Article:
A panel of online luminaries – including Valve’s Jason Holtman, Zynga’s Brian Reynolds, BioWare’s Ray Muzyka, Nexon’s Min Kim, and Blizzard’s Rob Pardo – discussed the new frontier of connected gaming.
“If you’re going to design a game that has multiplayer of some element of connected gameplay,” said Pardo, “really understand what you want to get out of it. What you want out of that connectivity. Once you get into asynchronous connectivity, like you have on Facebook, it’s a very different experience. But you still want to leverage that social connection.”
“People are content for other people,” added Min Kim, “and you can’t really control what that is. That plays into the experience.” When they launched the game Combat Arms
, “half the game when they started were Brazilians. It really made it different.”
“For a connected experience key takeaway is that its own service. It’s not a fire and forget,” said Muzyka. “It doesn’t have to be only multiplayer – can be social engagement, or user generated content.”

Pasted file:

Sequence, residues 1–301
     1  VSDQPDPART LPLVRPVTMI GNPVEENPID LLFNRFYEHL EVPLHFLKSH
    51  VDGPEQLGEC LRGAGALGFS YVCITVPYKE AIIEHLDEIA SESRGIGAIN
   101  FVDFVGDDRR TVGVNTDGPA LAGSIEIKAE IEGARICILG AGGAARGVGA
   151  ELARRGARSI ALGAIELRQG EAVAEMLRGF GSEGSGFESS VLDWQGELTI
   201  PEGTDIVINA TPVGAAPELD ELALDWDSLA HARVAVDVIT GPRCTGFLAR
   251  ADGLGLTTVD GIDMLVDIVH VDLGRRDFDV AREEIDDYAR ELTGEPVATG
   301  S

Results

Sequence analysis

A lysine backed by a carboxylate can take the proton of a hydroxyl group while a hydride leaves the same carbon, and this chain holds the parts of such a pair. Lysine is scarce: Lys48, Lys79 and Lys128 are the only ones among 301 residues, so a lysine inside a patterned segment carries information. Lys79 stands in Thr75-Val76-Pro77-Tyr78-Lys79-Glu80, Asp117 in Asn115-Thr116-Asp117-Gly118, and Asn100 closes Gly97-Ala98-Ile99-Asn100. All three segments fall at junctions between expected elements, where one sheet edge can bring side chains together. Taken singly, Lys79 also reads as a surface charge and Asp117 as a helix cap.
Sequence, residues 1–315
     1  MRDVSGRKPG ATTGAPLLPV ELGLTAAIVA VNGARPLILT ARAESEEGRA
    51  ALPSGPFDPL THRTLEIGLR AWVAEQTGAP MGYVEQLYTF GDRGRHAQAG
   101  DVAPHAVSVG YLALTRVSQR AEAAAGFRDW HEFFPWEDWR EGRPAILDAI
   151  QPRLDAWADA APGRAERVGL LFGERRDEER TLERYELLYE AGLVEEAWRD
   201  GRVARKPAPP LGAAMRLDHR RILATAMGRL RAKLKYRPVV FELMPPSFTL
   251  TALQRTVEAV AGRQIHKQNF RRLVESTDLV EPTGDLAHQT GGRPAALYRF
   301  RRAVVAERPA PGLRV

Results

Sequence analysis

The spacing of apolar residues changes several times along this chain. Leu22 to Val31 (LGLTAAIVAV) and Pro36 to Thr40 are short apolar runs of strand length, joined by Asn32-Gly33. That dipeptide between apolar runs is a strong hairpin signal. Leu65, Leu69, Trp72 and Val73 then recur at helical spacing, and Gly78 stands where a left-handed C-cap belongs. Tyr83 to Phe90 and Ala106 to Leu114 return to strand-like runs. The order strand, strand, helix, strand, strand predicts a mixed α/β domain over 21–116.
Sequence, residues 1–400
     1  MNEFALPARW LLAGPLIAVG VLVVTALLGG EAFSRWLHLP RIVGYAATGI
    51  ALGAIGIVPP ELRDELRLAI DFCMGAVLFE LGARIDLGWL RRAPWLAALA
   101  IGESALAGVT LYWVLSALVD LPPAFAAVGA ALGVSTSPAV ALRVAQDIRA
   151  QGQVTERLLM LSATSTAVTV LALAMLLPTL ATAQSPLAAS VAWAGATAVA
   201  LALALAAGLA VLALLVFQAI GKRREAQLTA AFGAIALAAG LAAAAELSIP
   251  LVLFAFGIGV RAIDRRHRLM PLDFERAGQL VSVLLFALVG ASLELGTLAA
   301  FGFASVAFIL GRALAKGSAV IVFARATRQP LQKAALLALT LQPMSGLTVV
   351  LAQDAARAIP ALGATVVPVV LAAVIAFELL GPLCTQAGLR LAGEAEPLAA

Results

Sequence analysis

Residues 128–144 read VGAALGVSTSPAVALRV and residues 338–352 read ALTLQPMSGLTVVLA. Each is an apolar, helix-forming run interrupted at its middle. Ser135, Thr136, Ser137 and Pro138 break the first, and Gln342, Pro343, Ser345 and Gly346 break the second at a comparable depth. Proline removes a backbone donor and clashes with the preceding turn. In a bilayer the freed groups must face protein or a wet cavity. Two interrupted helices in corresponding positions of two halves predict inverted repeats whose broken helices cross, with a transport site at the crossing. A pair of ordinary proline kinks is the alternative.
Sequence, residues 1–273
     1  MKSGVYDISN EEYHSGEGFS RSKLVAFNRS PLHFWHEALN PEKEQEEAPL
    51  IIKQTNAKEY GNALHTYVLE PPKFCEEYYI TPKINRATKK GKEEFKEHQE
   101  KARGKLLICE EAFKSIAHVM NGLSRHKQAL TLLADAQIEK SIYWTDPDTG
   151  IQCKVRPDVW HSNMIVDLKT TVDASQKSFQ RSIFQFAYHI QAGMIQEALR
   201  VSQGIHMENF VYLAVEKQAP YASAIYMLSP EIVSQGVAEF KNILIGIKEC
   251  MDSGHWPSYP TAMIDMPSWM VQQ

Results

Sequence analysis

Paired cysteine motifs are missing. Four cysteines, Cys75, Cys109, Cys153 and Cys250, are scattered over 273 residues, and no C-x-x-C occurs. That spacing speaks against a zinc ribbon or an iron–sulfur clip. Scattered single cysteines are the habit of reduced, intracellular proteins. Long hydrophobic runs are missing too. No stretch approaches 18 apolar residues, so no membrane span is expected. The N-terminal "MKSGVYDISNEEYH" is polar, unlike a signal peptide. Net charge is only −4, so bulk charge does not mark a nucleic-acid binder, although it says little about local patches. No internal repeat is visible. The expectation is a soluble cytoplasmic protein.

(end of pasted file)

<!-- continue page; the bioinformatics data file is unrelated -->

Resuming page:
“There are a lot of different ways to make a connected game or experience,” said Reynolds. “But the huge area we’ve had the good fortune of exploding into is the area of social games, specifically social network games. I can tell you for sure the one important thing to be thinking of as you make it is not ‘what are the game mechanics,’ but rather what are the social experiences.”
“The usual kind of multiplayer we’ve been used to first in the ‘90s was going online playing a shooter or RTS,” Reynolds continued, “trying to blow up some people that you got maybe randomly introduced to on the net. You’re looking for the human competition, but maybe not the friendship. Then we got to World of Warcraft and we got these situations where maybe you make some friends, but they are very separate from my real world friends.” With Facebook, “you are in effect on stage in front of your actual friends,” he said.
“The thing to remember is that you’re going to be much, much closer to your customers,” Holtman mentioned. “It’s not just about game design, it’s about something you want to do. It’s entertainment as a service. The thing isn’t just bits and the way something moves around anymore. It’s how people interact with your entire experience or IP.”
“We look at the PC and we look at the Mac. We look at those two things and we say ‘there are a lot of people with Macs out there,’”
added Holtman, referring to Steam’s new functionality on Apple PCs. T”he old fashioned barriers of retail are not so relevant anymore, he said. “They don’t want to be a PC buyer of the game, or Mac buyer of the game – they want to be a fan of the game. Of course you want that experience to travel across. It’s expected. If you’re a PC owner and you buy it on PC, you will get the Mac version. It’s super important.”